New screening from Heidelberg: What's up on the blood test for breast cancer?

The University of Heidelberg has developed a test to detect breast cancer in the blood. Sounds revolutionary, but there is little information on the method. The most important findings.



Heidelberg researchers have developed a blood test to help in the early detection of breast cancer and presented first details of the method at a gynecological congress. Only a few milliliters of blood are needed for the procedure, according to Heidelberg University Hospital and Heiscreen. The test is expected to be released later this year.

The study identifies so-called biomarkers that suggest a cancer. According to a statement, the test can expand common diagnostic procedures such as mammography, ultrasound or MRI. First, the "Bild" newspaper reported on the process and celebrated it as "world sensation".

"Non-invasive and fast"

The blood test is "a new, revolutionary way to detect a cancer in the breast non-invasively and quickly using biomarkers in the blood," says Christof Sohn, medical director of the University Gynecological Clinic of Heidelberg and one of the developers of the process.

The test is a so-called liquid biopsy (liquid biopsy). Body fluids such as blood, urine or saliva are used to search for messenger substances or tumor cells in order to discover or characterize a cancer.

In a study in the past twelve months, the team around the medical son has examined more than 900 women - 500 of them with breast cancer. The accuracy of the new blood test for breast cancer patients was according to the announcement at 75 percent. Among the under 50-year-olds, the rate was 86 percent higher, for the over 50-year-olds, it is 60 percent lower. In the further course of the study, the use of the test for other types of cancer, such as ovarian cancer, should also be investigated.

Exciting approach, but many questions open

Klaus Pantel from Hamburger UKE is considered one of the pioneers of liquid biopsy. What does he think of the test now presented?

"That's certainly an exciting approach," says Pantel. But he is reluctant because the Heidelberg colleagues have presented their work so far only at a congress and there is no scientifically published study. According to the son, the Heidelberg have so far published for patent law reasons, no work, they want to catch up quickly.

For example, Pantel wonders how confident the test can be in early breast cancer. "Because we want to find the cancer then just then." It is also unclear whether all subgroups of breast cancer would be recognized equally well.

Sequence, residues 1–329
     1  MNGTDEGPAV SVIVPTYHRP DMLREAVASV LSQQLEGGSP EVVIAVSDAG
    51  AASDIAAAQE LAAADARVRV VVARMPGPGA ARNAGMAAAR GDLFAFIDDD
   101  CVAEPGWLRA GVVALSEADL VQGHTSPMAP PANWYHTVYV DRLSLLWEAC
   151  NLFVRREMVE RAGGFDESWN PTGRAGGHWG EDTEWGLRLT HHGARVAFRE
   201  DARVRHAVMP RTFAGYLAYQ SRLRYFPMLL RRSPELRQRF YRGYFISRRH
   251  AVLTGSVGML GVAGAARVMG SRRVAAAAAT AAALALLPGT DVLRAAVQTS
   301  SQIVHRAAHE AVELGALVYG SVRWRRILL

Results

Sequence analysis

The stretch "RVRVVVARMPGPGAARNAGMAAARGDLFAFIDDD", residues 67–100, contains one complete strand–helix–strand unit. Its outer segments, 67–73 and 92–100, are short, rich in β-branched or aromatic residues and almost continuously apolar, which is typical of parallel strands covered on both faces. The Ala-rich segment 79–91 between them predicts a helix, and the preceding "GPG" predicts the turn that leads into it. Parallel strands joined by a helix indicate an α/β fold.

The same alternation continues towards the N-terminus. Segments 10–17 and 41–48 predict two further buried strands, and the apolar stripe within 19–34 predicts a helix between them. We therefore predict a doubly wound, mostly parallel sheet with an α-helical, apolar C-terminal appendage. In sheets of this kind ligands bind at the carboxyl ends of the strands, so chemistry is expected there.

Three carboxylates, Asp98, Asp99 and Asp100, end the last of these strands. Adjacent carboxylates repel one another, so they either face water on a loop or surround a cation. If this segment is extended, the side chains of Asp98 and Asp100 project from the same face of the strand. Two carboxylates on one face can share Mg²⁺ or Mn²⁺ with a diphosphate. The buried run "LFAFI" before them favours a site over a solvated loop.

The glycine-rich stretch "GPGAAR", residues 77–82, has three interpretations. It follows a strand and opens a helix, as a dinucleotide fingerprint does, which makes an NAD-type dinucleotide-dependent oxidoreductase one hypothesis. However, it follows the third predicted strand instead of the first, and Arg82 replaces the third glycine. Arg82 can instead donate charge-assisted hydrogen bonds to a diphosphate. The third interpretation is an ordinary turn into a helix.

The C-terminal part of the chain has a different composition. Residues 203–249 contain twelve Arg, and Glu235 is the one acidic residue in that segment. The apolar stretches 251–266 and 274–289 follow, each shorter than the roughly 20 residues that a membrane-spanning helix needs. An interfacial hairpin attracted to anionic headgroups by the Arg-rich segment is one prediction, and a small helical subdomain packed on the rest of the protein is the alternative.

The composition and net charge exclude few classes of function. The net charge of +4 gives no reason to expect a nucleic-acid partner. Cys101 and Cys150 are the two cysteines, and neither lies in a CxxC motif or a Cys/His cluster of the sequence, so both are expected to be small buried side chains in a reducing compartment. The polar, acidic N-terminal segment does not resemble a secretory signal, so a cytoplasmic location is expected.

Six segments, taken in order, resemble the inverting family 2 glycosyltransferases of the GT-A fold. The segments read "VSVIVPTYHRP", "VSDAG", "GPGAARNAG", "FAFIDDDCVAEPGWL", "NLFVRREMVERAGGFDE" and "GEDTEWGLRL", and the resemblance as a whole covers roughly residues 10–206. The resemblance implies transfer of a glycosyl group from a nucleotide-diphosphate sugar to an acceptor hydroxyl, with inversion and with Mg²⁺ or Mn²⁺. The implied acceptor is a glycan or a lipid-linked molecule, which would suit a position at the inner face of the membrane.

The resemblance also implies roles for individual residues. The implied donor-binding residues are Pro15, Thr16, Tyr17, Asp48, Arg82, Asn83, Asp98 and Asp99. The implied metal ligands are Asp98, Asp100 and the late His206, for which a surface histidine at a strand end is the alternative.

According to him, an examination with fewer than a thousand women is not enough to clarify all the important questions. "Other groups that develop similar tests usually test these with the help of several thousand subjects."

Even an average accuracy of the test of 75 percent is not optimal, according to Pantel. Because it means: In one out of four women with breast cancer, the test does not sound an alarm.

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The Heidelberg researchers say that especially women under the age of 50 with a familial increased breast cancer risk could benefit from the test. Because at this age a mammography often does not provide a clear insight due to the dense mammary tissue.

Son himself says clearly: "We do not see ourselves as competition for mammography, but as a supplement." In addition, they have already tested the blood test in a total of about 2,000 women in various studies.

How often does the test provide the wrong alarm?

Also important is the question of how often the test provides a so-called false-positive result: how often he arouses the suspicion of cancer in women who have no breast cancer. Doctors also need to know exactly this indicator of a test because such suspected diagnoses lead to further examinations and can trigger considerable emotional stress for those affected. It should be clarified, for example, how to proceed if the test yields a positive result, but mammography shows no tumor, says Klaus Pantel.

"There are false-positive results in every test," says Christof Sohn. This would have to be able to circumvent medics. If in fact the blood test is positive and the imaging does not show a tumor, both tests should be repeated half a year later.

It is therefore premature at this time to speculate on whether the public health insurance funds take over the costs of the test and who exactly then would have a claim to it. First, other questions need to be clarified.

Currently, women in Germany aged 30 and above are entitled to a palpation examination of the breast for early detection of cancer. Women aged 50 to 69 are invited to mammography screening every two years. In Germany, around 70,000 women receive a breast cancer diagnosis each year. A good 70 percent of those affected are older than 54 years.

ref: spiegel